Is Startup Culture a Scam?

  • Is Startup Culture a Scam?

  • freeman

    Organizer
    April 13, 2023 at 2:20 am

    Dissecting the Startup Culture / Disruptors Narrative:

    • Disruption culture emerged in the mid-1990s as a reaction to massive layoffs in the 80s.
    • Aspiring c-suite rebels created startups to take back power from established companies and forge their own commercial destinies.
    • These individuals were later dubbed “disruptors” by Harvard Professor Clay Christensen, who wrote about the startup phenomenon and the downfall of well-established companies in his book “The Innovator’s Dilemma”.
    • Christensen wrote about his theory of “disruptive innovation”, which is the pattern in which up-and-coming companies develop new technologies to offer cheaper and inferior alternatives to products already available on the market.
    • Disruptive innovation took the business world by storm and it would eventually be dubbed the most influential business theory of the early 21st century.
    • Disruptors include companies like Tesla, Uber, Airbnb, Facebook, and Netflix, which were applauded for their innovative approaches.
    • Disruption culture has been co-opted by venture capitalists, thought leaders, and society, and the term “disrupt” has been used so much it almost ceased to have any meaning.
    • Disruptive companies shift risks onto their employees, often via the gig economy, and many disruptors become celebrities with cool dogmas.
    • Disruptive companies use a lot of the same tactics as multi-level marketing schemes, and both focus the narrative on the winners.
    • Disruption fails more often than it succeeds, but when it’s talked about in the business community, it feels like every company who’s ever disrupted is a dark horse turned Kentucky Derby champion.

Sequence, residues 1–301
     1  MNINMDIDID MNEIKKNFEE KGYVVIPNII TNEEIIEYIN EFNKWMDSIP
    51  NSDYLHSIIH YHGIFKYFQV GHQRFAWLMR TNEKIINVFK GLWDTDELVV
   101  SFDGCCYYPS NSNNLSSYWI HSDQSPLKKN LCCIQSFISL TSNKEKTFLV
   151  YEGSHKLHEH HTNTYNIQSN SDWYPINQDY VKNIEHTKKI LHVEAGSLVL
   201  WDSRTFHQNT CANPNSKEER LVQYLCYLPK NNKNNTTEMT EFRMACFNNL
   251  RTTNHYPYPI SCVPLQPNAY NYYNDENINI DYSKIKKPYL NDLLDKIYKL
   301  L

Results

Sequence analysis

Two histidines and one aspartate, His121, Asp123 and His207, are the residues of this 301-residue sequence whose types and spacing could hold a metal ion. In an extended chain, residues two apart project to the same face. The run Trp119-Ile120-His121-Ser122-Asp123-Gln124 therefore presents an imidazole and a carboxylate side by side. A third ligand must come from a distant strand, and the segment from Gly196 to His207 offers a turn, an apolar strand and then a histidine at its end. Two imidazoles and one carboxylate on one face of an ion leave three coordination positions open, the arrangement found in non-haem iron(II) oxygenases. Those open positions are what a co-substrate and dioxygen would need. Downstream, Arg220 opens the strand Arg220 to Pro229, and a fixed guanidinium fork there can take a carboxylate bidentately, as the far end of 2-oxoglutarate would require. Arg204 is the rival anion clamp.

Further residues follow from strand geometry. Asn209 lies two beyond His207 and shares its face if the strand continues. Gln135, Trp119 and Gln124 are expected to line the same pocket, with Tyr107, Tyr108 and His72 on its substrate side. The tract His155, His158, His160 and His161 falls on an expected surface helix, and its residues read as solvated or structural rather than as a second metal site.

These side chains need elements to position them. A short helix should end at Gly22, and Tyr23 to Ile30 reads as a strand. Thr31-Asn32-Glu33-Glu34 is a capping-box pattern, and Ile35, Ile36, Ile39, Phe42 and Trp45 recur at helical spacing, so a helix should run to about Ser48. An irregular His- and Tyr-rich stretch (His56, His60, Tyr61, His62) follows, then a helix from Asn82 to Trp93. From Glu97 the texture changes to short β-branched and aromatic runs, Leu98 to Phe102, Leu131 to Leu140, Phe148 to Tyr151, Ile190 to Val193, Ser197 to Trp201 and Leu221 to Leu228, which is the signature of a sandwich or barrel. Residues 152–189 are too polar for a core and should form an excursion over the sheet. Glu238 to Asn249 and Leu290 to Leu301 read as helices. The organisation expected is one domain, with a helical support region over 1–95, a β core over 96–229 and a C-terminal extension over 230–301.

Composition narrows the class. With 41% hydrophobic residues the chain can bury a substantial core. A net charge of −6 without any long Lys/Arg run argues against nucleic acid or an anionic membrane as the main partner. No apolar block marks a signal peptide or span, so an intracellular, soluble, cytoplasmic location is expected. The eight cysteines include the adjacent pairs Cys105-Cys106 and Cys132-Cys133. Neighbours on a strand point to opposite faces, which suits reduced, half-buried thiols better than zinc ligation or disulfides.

• The media pushes all the failed companies under the rug to praise the few lottery winners.
    • Disruptive culture has been co-opted by business leaders to treat workers like cattle, and many disruptors become terrible managers.
    • Disruptive culture is not necessarily a scam, but it’s used as an excuse to run a business like one.
    • Not all disruptors are bad, and there are companies that have made positive changes in their industries.
    • A UK study on the possibility of a four-day work week showed that employees reported 39% less stress, 71% less burnout, and overall increases in mental and physical health, while organizations reported revenue increases of 35% on average and a decrease in staff leaving companies by 57%.
    • Disruption culture does not disrupt the economic, labor, or political systems themselves, but simply disrupts the ways that a small number of people are able to make money within that system.
    • Employees can use disruption to reclaim power and beat the system, or at least call it a tie.
    • The Great Resignation, which saw workers quit their jobs en masse, has shifted power back toward employers, but employees are refusing to back down.
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